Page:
- Service Area: Producers in the 14 counties that, in whole or in part, contain the Cherokee Nation Reservation’s rural regions as defined by the USDA. The land must be agricultural land situated in the Service Area, and the borrower(s) must reside there.
- Contact: Stephen Highers firstname.lastname@example.org and Brian Wagman email@example.com can be reached at (918) 207-3955 and firstname.lastname@example.org, respectively.
https://sharedcapital.coop/, which has a partnership with the Federation of Southern Cooperatives, https://www.federation.coop/
- Service Area: Producers in the states of Alabama, Florida, Georgia, Louisiana, Mississippi, and South Carolina
- Contact: Christina Jennings, (612) 767-2114; and Dania Davy, (404) 765-0991 or email@example.com
Additionally, USDA will share information on farmers.gov/heirs/relending.
To help heirs finance extra credit requirements in addition to an HPRP loan supplied by an intermediary, FSA may be able to offer additional assistance through the farm ownership and operation loan programmes.
Details for Lenders
Additionally, USDA is providing a second opportunity for qualified organisations that want to participate in the HPRP as intermediary lenders. There are $5 million worth of 1% interest-rate loans available. When the new application period opens, qualified lenders may submit an application using the HPRP application form (FSA-2637) (PDF, 450 KB) and submit the necessary application materials, such as a relending plan, a copy of the CDFI certification, financial statements going back three years, current financial statements, articles of incorporation, and any experience-related supporting documents.
Send these documents to the Heirs’ Property Relending Program, Office of the Deputy Administrator for Farm Loan Programs FSA, U.S. Department of Agriculture, 1400 Independence Avenue SW, Stop 0522 Washington, DC 20250-0522, either electronically at firstname.lastname@example.org or by mail. These loans presently have access to more than $100 million. For loans to heirs subject to USDA approval, approved intermediary lenders will choose the interest rates, terms, and payment plan, with rates matching the cost of administering and maintaining the loan.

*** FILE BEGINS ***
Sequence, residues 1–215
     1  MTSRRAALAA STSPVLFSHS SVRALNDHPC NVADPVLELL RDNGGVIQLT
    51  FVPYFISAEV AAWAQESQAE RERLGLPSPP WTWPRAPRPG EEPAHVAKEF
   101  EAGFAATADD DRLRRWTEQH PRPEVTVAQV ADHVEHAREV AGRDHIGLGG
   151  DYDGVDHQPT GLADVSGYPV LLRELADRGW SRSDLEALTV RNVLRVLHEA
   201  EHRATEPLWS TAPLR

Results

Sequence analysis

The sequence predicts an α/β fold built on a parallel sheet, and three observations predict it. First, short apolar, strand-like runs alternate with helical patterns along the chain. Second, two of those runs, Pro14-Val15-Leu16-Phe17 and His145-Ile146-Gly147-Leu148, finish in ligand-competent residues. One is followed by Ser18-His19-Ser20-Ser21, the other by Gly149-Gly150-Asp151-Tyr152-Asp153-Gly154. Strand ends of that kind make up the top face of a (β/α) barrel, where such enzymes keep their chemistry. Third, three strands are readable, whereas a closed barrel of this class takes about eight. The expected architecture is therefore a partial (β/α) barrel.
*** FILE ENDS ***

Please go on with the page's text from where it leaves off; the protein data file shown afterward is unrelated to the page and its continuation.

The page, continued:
Intermediary lenders have to
- Be accredited as a financial institution for community development, and
- Possess expertise and capacity in originating and servicing loans of a comparable sort for agricultural and commercial purposes.
In the event that there are more applications than money, FSA will give priority to those who:
- Possess at least ten years’ worth of expertise working with farmers who face societal challenges;
- Those that are situated in states that have enacted or approved the Uniform Partition of Heirs’ Property Act (UPHPA) will be given priority consideration. You may get a list of these states at farmers.gov/heirs/relending.
While owners of heirs’ properties may lack documentation proving their control or ownership of the land, FSA offers additional solutions that enable an heir to get a farm number. Producers may be required to provide particular documentation in states that have ratified the UPHPA in order to obtain a farm number.
Visit farmers.gov/heirs or farmers.gov/heirs/relending to find out more about heirs’ property, HPRP, or UPHPA.